David Cameron praised for immigration views
By Toby Helm, Chief Political Correspondent
Last Updated: 12:01am GMT 01/11/2007
David Cameron's approach to immigration has received praise from unexpected quarters after Trevor Phillips, the head of the new equality quango, described it as a “turning point”.
Reacting to a speech on Monday in which the Tory leader called for a “grown-up conversation” on immigration, Mr Phillips said Mr Cameron had set himself apart from an unfortunate Conservative tradition that stretched back to Enoch Powell's “rivers of blood” speech in 1968.
“For the first time in my adult life I heard a party leader clearly attempting to deracialise the issue of immigration and to treat it like any other question of political and economic management,” Mr Phillips said.
“And given that Mr Cameron is speaking against a background in which his party's policy inheritance is defined by Howard, Hague, Thatcher and Powell, this seems to me like a turning point in our national debate about immigration one that will make it possible for us to speak openly and sensibly about the subject, which most of the country sees as the single-most important in politics.”
While Mr Phillips, who heads the Equality and Human Rights Commission, told delegates at a conference in Birmingham that Mr Cameron still had a “little way to go” on the issue, his comments will be welcomed by the Tory high command.
Previously Mr Cameron had been reluctant to speak out on immigration for fear of being branded by Gordon Brown as anti-immigrant a charge levelled by Labour at his predecessors including Michael Howard and Margaret Thatcher.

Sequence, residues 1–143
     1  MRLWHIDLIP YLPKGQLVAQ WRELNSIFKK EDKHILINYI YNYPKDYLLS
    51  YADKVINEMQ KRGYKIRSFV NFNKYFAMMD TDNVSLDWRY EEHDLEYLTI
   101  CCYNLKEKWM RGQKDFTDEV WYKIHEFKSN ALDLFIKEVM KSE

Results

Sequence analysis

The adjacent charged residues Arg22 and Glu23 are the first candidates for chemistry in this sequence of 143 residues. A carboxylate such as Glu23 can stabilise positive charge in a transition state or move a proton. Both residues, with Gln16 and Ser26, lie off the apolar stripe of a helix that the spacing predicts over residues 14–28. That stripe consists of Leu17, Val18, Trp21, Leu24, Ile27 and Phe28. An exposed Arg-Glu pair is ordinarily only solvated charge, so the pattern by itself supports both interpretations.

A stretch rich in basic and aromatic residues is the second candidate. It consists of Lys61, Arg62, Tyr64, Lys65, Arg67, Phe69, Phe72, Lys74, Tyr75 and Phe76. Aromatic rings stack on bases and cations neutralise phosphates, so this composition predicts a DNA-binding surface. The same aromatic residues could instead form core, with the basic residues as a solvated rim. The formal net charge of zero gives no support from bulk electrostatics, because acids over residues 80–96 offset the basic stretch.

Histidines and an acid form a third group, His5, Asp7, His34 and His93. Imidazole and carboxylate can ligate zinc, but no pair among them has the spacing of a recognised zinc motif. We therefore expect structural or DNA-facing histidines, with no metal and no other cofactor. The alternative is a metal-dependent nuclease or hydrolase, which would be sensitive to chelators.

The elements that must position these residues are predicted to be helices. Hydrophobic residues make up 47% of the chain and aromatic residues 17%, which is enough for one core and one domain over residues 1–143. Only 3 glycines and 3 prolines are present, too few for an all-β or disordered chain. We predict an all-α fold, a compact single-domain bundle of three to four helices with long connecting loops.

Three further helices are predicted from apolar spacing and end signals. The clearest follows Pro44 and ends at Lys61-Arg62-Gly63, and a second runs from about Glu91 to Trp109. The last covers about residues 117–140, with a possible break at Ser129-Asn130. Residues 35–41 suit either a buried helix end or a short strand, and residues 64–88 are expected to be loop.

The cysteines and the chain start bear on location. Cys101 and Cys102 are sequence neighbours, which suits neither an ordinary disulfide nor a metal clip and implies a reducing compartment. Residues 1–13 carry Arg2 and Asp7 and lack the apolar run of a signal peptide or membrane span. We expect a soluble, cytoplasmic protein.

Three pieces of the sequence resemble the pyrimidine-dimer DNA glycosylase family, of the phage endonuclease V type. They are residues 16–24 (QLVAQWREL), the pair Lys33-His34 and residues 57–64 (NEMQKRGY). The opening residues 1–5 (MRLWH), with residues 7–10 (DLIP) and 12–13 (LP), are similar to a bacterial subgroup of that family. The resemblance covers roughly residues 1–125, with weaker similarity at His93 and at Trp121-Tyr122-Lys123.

However, the Tory leader now believes after Mr Brown has entered the fray on immigration that the time is right to address issues of over-crowding and pressure on public services caused by uncontrolled and unmonitored immigration.
In his first major speech on the issue, delivered on Monday, Mr Cameron pledged to cut net immigration into the UK to ward off “unsustainable” pressure on the country's public services and infrastructure.
He said a Tory administration would set annual limits on economic migration from outside the EU “substantially lower” than the current rate, set up a border police force with powers to track down and remove illegal migrants, and impose transitional controls on the right of nationals of new EU states to work in the UK.
While praising his tone, Mr Phillips said Mr Cameron should not believe solutions lay only in capping numbers.
“Rather, we need to meet head-on the challenges of rapid and diverse population growth,” he said.
“We need to find ways to capitalise on the injection of energy that new migrants bring, and bolster our infrastructure and public services to cope with the new demands.”